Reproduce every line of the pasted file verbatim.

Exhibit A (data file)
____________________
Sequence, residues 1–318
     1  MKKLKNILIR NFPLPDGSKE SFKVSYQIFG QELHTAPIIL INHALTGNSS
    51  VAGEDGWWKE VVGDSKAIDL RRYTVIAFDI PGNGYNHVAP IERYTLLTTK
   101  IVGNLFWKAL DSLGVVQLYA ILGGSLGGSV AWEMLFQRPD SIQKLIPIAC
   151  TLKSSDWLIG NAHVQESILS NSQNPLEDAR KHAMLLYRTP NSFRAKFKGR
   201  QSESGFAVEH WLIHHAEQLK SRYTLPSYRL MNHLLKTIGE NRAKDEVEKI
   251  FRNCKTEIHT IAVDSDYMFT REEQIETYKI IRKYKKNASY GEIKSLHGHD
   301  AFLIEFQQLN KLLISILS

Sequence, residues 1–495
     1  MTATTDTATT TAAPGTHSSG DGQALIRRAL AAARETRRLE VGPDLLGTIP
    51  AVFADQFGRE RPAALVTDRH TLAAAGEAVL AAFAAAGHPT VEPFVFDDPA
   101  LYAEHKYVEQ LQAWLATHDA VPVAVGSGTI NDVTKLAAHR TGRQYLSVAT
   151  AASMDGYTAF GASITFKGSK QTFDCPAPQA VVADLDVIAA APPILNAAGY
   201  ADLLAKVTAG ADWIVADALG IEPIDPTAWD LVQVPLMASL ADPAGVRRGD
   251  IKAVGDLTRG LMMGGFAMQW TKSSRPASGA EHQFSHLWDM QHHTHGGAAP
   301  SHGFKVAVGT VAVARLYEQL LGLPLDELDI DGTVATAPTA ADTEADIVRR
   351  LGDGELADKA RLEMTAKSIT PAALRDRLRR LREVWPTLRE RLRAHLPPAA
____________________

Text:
Sequence, residues 1–318
     1  MKKLKNILIR NFPLPDGSKE SFKVSYQIFG QELHTAPIIL INHALTGNSS
    51  VAGEDGWWKE VVGDSKAIDL RRYTVIAFDI PGNGYNHVAP IERYTLLTTK
   101  IVGNLFWKAL DSLGVVQLYA ILGGSLGGSV AWEMLFQRPD SIQKLIPIAC
   151  TLKSSDWLIG NAHVQESILS NSQNPLEDAR KHAMLLYRTP NSFRAKFKGR
   201  QSESGFAVEH WLIHHAEQLK SRYTLPSYRL MNHLLKTIGE NRAKDEVEKI
   251  FRNCKTEIHT IAVDSDYMFT REEQIETYKI IRKYKKNASY GEIKSLHGHD
   301  AFLIEFQQLN KLLISILS

Sequence, residues 1–495
     1  MTATTDTATT TAAPGTHSSG DGQALIRRAL AAARETRRLE VGPDLLGTIP
    51  AVFADQFGRE RPAALVTDRH TLAAAGEAVL AAFAAAGHPT VEPFVFDDPA
   101  LYAEHKYVEQ LQAWLATHDA VPVAVGSGTI NDVTKLAAHR TGRQYLSVAT
   151  AASMDGYTAF GASITFKGSK QTFDCPAPQA VVADLDVIAA APPILNAAGY
   201  ADLLAKVTAG ADWIVADALG IEPIDPTAWD LVQVPLMASL ADPAGVRRGD
   251  IKAVGDLTRG LMMGGFAMQW TKSSRPASGA EHQFSHLWDM QHHTHGGAAP
   301  SHGFKVAVGT VAVARLYEQL LGLPLDELDI DGTVATAPTA ADTEADIVRR
   351  LGDGELADKA RLEMTAKSIT PAALRDRLRR LREVWPTLRE RLRAHLPPAA